Our overall complication rate was 9% (11/124), whereas the major (greater than Clavien II) complication rate was 2% (2/124).
Significant predictors of renal disease progression following PCA included age ≥ 70 years (odds ratio [OR], 4.31, P = 0.03), hilar tumour location (OR, 4.67, P = 0.04), and post operative day 1 estimated glomerular filteration rate ≤60 mL/min/1.73 m2 (OR, 7.09, P = 0.02).
Our treatment success rate was 87% (112/129) at a mean (sd) follow-up of 30.2 (18.8) months.
Tumour size ≥3.0 cm was significantly associated with PCA failure (hazard ratio, 3.21, P = 0.03).
PCA provides a safe and oncologically effective alternative to extirpative surgery for renal masses in patients with significant medical comorbidities.
As a result of the widespread utilization of diagnostic abdominal imaging, the incidence of asymptomatic small renal masses (SRMs) has continued to increase . In the USA, the estimated number of new kidney cancer cases has increased from 39 000 in 2006 to 61 000 in 2011 [2, 3]. Over the last decade, nephron-sparing surgery has replaced radical nephrectomy as the preferred treatment option for SRMs [4-6]. However, the greatest incidence of SRMs occurs in elderly patients, who may have multiple comorbidities that preclude extirpative surgery . In these patients, laparoscopic cryoablation (LCA) and image-guided percutaneous cryoablation (PCA) have shown decreased morbidity, as well as short-term oncological success [8-11]. Furthermore, recent studies suggest that PCA may reduce hospital stay and lower complication rates compared to LCA [12-14]. The present retrospective study aimed to evaluate perioperative, oncological and functional outcomes after PCA for renal masses based on our single-centre experience.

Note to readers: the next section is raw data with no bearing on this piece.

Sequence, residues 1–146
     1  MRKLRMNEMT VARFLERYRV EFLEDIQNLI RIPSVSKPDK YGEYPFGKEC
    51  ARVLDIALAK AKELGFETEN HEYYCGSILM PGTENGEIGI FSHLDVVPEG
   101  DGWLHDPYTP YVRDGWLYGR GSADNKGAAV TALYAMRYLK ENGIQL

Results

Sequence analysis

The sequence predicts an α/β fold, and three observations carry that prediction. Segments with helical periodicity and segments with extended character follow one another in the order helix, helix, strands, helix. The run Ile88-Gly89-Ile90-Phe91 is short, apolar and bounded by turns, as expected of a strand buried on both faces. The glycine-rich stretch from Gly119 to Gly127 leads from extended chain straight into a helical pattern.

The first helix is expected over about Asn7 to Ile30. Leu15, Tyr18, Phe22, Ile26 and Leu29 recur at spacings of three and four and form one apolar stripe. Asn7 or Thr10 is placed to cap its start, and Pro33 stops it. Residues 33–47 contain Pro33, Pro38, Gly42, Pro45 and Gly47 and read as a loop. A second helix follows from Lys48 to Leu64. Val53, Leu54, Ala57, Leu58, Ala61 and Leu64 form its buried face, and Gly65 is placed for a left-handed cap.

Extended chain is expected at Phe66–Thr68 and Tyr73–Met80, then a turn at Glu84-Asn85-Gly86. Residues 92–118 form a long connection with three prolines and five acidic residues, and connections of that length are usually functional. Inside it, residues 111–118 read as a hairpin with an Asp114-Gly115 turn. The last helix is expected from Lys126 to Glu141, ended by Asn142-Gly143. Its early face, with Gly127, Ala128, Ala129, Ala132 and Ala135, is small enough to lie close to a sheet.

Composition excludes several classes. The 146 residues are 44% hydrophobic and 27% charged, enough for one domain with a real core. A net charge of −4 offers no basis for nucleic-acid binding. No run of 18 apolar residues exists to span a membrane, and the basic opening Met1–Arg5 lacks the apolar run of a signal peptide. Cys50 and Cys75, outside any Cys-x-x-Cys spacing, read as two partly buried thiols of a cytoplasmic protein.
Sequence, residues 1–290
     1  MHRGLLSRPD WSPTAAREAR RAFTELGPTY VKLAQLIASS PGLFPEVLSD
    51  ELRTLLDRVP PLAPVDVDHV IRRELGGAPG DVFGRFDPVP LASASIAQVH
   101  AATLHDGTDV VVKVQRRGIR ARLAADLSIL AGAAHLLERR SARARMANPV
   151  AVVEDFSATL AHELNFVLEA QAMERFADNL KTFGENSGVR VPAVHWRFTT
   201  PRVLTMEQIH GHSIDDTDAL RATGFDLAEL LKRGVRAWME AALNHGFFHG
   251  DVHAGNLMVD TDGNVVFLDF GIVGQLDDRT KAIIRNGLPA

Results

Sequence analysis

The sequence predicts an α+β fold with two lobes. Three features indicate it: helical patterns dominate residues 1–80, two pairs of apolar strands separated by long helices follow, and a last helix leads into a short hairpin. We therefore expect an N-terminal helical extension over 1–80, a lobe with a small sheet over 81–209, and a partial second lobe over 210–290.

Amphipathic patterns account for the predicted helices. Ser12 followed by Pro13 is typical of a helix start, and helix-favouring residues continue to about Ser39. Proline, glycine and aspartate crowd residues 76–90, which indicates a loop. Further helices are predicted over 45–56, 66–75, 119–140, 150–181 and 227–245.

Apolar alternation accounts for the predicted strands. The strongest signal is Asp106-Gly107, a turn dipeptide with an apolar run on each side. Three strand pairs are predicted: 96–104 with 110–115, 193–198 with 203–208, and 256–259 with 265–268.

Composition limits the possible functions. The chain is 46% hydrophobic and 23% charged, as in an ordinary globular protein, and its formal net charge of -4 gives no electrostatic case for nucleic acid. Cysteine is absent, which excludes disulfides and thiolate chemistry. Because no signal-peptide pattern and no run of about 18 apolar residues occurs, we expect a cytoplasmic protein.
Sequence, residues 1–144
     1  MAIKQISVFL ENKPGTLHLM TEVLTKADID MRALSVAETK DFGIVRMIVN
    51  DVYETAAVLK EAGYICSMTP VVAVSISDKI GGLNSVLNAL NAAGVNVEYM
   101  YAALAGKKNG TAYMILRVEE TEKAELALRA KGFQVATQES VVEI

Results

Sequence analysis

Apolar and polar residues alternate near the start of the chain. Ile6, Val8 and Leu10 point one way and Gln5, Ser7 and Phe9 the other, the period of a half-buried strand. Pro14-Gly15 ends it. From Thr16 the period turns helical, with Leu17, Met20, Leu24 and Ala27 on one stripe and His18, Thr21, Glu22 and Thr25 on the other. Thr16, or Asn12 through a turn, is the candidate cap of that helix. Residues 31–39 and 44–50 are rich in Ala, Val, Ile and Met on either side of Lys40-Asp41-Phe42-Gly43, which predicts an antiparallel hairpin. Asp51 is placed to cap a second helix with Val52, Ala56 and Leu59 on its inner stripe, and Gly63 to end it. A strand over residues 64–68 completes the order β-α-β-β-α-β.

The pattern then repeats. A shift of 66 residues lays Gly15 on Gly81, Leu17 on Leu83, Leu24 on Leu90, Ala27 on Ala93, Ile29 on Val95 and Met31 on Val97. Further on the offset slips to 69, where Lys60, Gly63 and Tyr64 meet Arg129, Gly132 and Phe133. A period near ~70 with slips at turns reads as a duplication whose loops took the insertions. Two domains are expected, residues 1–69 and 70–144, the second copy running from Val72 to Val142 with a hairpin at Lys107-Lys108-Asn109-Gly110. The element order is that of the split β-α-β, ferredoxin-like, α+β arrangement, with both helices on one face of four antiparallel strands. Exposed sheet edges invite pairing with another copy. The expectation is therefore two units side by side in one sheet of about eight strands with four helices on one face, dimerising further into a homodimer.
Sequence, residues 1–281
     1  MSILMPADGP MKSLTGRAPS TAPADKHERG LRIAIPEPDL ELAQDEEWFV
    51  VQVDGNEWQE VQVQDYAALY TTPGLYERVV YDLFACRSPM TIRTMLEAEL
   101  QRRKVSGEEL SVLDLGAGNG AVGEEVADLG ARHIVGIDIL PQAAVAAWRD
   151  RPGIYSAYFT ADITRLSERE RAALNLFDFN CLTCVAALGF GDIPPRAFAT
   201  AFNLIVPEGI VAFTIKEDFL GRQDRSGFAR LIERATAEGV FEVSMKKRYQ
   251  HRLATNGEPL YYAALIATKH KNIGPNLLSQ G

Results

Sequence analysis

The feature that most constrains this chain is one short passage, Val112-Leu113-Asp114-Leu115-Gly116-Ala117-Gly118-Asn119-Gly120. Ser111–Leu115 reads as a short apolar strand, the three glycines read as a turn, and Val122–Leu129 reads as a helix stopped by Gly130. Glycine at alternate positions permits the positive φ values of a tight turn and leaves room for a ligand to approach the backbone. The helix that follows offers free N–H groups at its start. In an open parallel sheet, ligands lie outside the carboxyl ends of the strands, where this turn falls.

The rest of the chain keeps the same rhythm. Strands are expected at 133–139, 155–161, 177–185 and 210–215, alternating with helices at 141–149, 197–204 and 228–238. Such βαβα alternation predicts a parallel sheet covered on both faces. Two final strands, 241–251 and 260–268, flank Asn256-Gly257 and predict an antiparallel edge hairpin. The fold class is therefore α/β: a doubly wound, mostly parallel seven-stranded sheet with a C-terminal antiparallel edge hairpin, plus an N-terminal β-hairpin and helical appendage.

Patients and Methods
With Institutional Review Board approval, we performed a retrospective review of patients who underwent PCA for renal masses at our institution between March 2005 and June 2011. A total of 124 patients who underwent PCA were identified and included in the analysis. All patients underwent CT or MRI that showed an enhancing mass suspicious for RCC before surgery. PCA was performed on a total of 129 tumours in 124 patients. Indications for PCA included medical comorbidity, previous nephrectomy or otherwise compromised baseline renal function, multiple renal masses, and patient and surgeon preference.